Monday, May 6, 2019

We Know Who Our Teachers Are

One comment I frequently encounter in these times of confusion is the one that states. “I don’t know who to follow.” This comment certainly does show confusion in the Church because it shows that some Catholics have lost sight of who teaches,

The Church teaching consistently points out that the Pope is the successor of St. Peter and the bishops are successors to the Apostles. They have the same authority to bind and loose as St. Peter (Matthew 16:19) and the Apostles (Matthew 18:18). Rejecting their teaching is a serious matter (Matthew 18:17, Luke 10:16).

There is no denying there have been faithless bishops. There is no denying there have been morally bad Popes. But that doesn’t change the fact that God has entrusted His authority with the Apostles and their successors, making no exceptions for our obedience. In fact, The Lord made clear that there was a difference between obeying the authority of the teacher and the hypocritical personal practices of the teacher:

Then Jesus spoke to the crowds and to his disciples, saying, “The scribes and the Pharisees have taken their seat on the chair of Moses. Therefore, do and observe all things whatsoever they tell you, but do not follow their example. For they preach but they do not practice. (Matthew 23:1-3).

Yes, we may have bishops who act wrongly, and we must not follow that. But when they teach in communion with the Pope, they teach with authority. As Lumen Gentium #23 tells us:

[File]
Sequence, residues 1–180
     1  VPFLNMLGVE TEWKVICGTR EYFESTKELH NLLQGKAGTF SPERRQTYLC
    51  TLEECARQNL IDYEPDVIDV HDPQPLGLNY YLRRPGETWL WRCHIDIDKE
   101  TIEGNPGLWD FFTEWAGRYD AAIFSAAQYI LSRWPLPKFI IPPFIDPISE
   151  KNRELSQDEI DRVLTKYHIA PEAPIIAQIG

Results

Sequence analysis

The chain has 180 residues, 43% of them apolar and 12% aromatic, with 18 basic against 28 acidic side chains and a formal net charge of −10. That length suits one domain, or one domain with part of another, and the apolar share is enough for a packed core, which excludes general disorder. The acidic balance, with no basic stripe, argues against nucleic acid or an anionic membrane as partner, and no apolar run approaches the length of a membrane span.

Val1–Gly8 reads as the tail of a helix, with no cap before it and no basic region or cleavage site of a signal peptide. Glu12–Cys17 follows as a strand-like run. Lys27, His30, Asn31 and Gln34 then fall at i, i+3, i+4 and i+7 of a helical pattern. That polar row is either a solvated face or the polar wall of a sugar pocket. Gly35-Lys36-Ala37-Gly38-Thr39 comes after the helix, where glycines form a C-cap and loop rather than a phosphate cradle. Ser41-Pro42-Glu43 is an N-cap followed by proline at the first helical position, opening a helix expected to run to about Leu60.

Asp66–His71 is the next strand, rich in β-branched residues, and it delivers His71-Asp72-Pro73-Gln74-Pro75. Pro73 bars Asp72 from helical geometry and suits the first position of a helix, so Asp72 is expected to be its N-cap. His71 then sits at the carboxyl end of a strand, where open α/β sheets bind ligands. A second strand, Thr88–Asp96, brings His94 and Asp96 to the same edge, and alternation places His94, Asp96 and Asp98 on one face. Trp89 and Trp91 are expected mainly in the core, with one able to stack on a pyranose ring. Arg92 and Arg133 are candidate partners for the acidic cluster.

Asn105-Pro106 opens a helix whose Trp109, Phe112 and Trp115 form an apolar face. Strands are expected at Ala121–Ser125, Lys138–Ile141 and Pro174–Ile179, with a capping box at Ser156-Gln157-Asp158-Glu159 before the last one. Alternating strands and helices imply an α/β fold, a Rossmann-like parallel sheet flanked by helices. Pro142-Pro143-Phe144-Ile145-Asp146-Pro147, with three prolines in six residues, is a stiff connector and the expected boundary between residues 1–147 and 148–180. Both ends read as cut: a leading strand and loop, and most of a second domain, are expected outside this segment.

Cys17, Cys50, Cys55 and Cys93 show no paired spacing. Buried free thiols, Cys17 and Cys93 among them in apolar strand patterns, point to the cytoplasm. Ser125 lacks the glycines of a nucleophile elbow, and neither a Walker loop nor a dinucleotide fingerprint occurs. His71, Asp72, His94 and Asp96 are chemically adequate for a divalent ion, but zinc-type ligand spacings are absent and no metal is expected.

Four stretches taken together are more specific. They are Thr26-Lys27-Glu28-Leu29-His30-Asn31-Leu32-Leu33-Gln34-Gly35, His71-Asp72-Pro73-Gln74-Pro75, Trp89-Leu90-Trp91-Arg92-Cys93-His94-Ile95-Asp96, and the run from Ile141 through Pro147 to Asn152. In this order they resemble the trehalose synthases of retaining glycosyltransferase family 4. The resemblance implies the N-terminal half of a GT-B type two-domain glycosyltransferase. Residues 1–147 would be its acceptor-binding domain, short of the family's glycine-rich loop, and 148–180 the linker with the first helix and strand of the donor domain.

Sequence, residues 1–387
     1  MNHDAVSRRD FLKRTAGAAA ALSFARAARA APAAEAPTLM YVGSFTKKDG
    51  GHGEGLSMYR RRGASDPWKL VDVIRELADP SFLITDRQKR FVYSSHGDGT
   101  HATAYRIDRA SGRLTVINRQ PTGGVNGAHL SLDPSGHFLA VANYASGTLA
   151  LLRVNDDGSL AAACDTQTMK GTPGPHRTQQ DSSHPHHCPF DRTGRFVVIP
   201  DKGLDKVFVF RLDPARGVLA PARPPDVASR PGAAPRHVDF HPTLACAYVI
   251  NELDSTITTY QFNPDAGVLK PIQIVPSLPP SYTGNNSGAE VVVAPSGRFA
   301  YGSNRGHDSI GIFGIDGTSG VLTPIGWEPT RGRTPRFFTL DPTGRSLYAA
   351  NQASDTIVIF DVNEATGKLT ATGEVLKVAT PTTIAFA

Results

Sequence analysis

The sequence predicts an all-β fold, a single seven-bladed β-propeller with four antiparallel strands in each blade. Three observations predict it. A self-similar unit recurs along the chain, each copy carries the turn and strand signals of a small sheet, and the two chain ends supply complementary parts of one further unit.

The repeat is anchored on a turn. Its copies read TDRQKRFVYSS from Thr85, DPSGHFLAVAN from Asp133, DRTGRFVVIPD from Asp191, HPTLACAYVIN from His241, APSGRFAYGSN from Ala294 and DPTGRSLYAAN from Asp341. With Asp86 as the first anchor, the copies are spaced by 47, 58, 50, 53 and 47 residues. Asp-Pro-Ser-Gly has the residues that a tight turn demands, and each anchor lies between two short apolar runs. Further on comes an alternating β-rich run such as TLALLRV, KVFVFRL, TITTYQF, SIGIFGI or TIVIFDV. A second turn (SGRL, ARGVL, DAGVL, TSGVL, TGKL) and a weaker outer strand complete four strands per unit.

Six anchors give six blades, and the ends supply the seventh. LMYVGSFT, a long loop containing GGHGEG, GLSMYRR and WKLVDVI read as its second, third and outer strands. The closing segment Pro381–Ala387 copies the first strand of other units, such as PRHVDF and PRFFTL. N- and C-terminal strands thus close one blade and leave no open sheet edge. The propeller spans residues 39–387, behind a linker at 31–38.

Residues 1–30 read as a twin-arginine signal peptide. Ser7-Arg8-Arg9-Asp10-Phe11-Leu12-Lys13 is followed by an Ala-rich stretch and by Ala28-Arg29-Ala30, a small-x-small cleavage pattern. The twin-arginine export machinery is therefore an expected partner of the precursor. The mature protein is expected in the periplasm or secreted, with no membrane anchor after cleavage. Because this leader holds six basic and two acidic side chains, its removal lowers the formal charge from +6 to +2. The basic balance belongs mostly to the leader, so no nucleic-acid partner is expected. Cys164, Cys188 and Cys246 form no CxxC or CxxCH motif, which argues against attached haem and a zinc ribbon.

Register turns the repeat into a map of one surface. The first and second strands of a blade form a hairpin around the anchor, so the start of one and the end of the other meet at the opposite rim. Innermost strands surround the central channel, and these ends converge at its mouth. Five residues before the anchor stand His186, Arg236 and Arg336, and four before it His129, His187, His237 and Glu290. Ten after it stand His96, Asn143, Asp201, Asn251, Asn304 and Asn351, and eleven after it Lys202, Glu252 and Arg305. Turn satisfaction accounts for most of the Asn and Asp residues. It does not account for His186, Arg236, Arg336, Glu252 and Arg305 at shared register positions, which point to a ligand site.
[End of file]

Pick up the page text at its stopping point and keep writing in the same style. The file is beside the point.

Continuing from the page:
This collegial union is apparent also in the mutual relations of the individual bishops with particular churches and with the universal Church. The Roman Pontiff, as the successor of Peter, is the perpetual and visible principle and foundation of unity of both the bishops and of the faithful. The individual bishops, however, are the visible principle and foundation of unity in their particular churches, fashioned after the model of the universal Church, in and from which churches comes into being the one and only Catholic Church. For this reason the individual bishops represent each his own church, but all of them together and with the Pope represent the entire Church in the bond of peace, love and unity.

Since the Pope and bishops are the legitimate authority of the Church, we trust that The Lord, the invisible head of the Church, will protect that authority from teaching error. They have the authority to bind and loose, and even the ordinary magisterium requires religious submission of intellect and will (see canons 752-753) [§].

In contrast to this, we have individuals and groups who presume to speak against this authority. A cardinal, a bishop, a priest, or a member of the laity dislikes what the magisterium says and issues a statement implying or accusing the magisterium of error. But, acting apart from the Pope, they act without authority. It’s like the members of the early Church who tried to argue that to be Christian, one must be Jewish first. In issuing their response, the Apostles rebuked their acting without authority: